Giffords arrived in Florida on Wednesday to observe the launch, her first trip away from the Houston rehabilitation hospital where she is being treated for injuries suffered in a shooting at a public event in Tucson in January.
President Obama also plans to watch the launch with his family after touring the storm-stricken South.
But to scientists, the real star is tucked away in Endeavour’s cargo bay: A $2 billion, seven-ton cosmic experiment about 17 years in the making.
The brainchild of Nobel Prize-winning physicist Samuel C.C. Ting, the experiment will sniff space for cosmic rays, antimatter, dark matter and other exotic and poorly understood phenomena.
If the mission goes as planned, the device will deliver marquee science to the space station, which has had its science mission repeatedly trimmed since the $100 billion orbiting outpost was proposed in the 1980s. Although the station boasts three laboratory modules, maintenance duties preclude each of the station’s six astronauts from spending more than an hour a day on science experiments, according to a 2009 report from the Government Accountability Office.
“I think the AMS will be a great uplift for American particle physics,” said Ulrich Becker, Ting’s colleague at the Massachusetts Institute of Technology. Becker is one of 600 physicists involved in the experiment, called the alpha magnetic spectrometer, or AMS.
But not every physicist is happy about the AMS. A vocal contingent complains that Ting circumvented the usual scientific review processes at NASA and the Department of Energy. They also say the expensive experiment will offer limited information.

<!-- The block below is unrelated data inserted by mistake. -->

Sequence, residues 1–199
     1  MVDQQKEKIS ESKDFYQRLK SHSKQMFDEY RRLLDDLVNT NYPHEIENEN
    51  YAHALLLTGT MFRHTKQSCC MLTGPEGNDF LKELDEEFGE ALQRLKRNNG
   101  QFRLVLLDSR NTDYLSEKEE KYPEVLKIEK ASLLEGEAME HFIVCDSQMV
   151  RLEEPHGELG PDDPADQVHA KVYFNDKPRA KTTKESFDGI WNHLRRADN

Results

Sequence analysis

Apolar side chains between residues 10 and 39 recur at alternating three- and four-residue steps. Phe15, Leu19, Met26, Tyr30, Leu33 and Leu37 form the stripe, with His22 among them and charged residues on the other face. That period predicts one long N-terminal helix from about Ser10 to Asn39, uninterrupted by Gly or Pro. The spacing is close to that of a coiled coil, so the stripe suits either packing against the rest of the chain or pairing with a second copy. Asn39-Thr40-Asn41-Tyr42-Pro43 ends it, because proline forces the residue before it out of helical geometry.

“This kind of science is not worth billions of dollars,” said Gregory Tarle, an experimental physicist at the University of Michigan at Ann Arbor. In some physicist circles, Tarle said, “people are shaking their heads that Sam could do this. He did it by bullying his way through.”
Ting, in a phone interview, steered clear of the controversy, saying that it is “very hard to predict” what exotic phenomena the device might find.
The Energy Department says it contributed $50 million to the experiment, and NASA will spend an additional $104 million through 2020, not including the expense of the shuttle flight. Fifteen other countries picked up the rest of the tab.
The 2003 destruction of the shuttle Columbia pushed NASA to cancel the experiment’s launch. Only a prolonged lobbying campaign by the famously strong-willed Ting returned the device to NASA’s launch manifest. In 2008, Congress passed a law forcing NASA to extend the shuttle program and fly the experiment.
Then, last year, Ting ordered a redesign of the AMS, delaying its scheduled November launch. Concerned that liquid helium needed to supercool the device’s central magnet would boil off into space, Ting swapped in an older, weaker magnet that needs no such cooling. The experiment is now rated to function until at least 2020, the space station’s scheduled destruction date. But the weaker magnet made the experiment less sensitive, and so Ting led other major modifications to the device’s sensitive particle detectors.